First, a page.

Cocoon aim to nurture start-ups in region, Latest Business News - The New Paper

Cocoon aim to nurture start-ups in region

This article is more than 12 months old

Experienced angel investors Michael Blakey and William Klippgen have set up a new $10 million seed-venture firm in Singapore called Cocoon Capital.

The company will focus on early-stage investments ranging from $350,000 to $1m in South-east Asia and India.

Mr Klippgen is a Singapore-based Norwegian entrepreneur and technology investor. Mr Blakey has been an early-stage investor in Britain since 2000 and has also invested in a number of Singapore companies.

Cocoon Capital plans to invest in no more than five companies a year, to leave enough time and resources to help founders build businesses.


General Assembly, a training school for skills like coding, marketing and user experience design, has signed a memorandum of understanding with U Associate, a unit of the National Trades Union Congress (NTUC), to address Singapore's technology and digital skills shortage.

They will develop joint training workshops and engagement sessions to train professionals, managers and executives for technology and digital careers.

Both organisations will also provide help with job placement in start-ups.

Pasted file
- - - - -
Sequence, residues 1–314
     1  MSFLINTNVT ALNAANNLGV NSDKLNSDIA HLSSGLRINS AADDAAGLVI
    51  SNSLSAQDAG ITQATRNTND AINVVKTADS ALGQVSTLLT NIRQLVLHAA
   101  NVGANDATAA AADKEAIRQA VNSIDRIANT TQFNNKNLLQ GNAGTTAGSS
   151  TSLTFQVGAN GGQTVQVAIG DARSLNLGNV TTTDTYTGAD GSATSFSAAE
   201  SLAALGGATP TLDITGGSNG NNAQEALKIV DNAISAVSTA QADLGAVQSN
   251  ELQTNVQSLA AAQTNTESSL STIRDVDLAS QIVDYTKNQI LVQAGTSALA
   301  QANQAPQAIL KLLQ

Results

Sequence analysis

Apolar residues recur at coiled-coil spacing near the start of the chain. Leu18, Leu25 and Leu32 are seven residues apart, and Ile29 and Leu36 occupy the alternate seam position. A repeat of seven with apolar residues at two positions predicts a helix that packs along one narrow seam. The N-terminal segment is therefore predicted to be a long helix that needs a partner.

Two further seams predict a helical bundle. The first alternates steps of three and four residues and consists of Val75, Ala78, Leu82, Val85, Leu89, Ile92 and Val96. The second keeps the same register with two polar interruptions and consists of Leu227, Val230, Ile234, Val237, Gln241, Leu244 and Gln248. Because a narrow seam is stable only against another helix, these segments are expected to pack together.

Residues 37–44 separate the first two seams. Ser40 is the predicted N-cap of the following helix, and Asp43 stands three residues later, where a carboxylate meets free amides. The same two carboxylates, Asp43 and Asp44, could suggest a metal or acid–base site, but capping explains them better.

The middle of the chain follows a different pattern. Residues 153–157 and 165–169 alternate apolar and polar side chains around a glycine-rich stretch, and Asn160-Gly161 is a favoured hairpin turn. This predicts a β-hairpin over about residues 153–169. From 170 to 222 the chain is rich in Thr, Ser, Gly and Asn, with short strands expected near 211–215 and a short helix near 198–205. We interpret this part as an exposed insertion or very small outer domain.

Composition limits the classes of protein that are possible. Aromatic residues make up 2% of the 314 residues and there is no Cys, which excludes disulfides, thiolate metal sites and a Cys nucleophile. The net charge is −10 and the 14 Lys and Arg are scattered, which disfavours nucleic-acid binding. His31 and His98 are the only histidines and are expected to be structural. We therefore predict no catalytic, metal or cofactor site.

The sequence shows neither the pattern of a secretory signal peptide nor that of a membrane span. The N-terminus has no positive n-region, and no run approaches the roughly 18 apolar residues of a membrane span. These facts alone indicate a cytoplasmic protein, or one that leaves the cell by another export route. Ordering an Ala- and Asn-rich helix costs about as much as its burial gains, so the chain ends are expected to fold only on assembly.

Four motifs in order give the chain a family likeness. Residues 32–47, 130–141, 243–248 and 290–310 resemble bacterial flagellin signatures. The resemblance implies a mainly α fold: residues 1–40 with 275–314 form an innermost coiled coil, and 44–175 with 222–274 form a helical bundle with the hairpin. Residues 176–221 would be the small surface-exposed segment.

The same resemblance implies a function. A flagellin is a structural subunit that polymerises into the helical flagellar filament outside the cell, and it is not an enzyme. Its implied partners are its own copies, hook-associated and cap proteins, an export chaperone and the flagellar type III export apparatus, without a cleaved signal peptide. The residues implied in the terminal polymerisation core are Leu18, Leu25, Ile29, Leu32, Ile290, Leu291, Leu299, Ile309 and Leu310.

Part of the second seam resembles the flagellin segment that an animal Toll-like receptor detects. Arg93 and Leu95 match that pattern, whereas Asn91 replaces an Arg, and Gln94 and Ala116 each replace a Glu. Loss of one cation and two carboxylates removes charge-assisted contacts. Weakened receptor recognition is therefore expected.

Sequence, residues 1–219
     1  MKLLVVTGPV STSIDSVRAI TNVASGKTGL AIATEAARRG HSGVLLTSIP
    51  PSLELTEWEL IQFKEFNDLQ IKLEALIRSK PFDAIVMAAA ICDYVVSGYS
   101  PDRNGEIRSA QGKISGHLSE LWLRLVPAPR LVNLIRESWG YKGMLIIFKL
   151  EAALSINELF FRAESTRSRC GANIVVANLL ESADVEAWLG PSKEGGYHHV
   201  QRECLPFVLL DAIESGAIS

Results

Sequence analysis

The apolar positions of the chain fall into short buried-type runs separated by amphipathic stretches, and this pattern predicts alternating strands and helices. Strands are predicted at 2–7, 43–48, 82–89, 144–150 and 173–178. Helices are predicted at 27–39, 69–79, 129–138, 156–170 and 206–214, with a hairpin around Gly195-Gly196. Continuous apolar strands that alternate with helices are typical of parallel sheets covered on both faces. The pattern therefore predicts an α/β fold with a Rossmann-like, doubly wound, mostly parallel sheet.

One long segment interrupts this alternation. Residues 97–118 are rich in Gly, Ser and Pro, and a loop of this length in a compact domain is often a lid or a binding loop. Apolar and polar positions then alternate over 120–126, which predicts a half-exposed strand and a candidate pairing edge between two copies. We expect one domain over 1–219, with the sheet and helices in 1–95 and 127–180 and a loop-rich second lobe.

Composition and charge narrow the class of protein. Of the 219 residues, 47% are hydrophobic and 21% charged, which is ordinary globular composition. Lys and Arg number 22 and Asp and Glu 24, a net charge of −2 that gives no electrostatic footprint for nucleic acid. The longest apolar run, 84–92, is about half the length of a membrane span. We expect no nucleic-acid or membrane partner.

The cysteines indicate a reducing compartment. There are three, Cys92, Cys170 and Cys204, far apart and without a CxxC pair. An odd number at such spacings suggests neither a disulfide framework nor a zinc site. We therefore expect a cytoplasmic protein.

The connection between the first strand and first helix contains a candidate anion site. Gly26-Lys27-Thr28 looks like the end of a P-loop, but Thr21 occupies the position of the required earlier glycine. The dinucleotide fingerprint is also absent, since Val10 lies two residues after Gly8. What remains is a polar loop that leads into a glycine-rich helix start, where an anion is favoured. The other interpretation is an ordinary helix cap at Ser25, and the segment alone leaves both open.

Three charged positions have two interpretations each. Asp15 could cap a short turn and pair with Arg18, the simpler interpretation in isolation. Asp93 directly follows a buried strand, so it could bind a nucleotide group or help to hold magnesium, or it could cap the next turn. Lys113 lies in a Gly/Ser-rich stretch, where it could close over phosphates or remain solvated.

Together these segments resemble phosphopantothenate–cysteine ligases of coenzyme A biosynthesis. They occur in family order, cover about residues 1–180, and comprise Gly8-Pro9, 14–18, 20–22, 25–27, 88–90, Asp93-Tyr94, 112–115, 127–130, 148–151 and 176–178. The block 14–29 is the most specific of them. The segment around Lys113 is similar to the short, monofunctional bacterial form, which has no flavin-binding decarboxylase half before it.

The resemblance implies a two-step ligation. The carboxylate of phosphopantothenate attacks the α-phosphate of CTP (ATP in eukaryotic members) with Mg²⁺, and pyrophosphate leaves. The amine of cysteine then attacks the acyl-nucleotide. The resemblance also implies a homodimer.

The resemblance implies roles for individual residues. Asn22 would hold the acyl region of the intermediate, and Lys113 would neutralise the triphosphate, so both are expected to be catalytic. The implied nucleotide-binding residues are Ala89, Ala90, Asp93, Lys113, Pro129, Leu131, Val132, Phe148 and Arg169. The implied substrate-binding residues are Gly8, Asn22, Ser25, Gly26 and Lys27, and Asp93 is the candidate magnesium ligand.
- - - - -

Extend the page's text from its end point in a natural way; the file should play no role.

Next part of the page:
Global-payment operator and fintech investment firm Senjo Group has invested US$1.2m (S$1.7m) in Singapore start-up Tjaara and extended an additional US$20m in trade finance.

Tjaara uses a group-buy concept to aggregate demand from companies and wholesalers before placing orders with manufacturers, located mainly in China.

The company negotiates, does quality-control checks from factory to port and acts as an escrow service to manage the buying process.

The service benefits small to medium-sized wholesalers who previously could not obtain lower prices unlocked by economies of scale, due to their small orders.


Singapore big-data company Latize has won a contract with New South Wales government after opening its first overseas office in Sydney in June.

It will work with the Department of Industry's Division of Resources and Energy on mine safety and will eventually undertake integration with several other systems.

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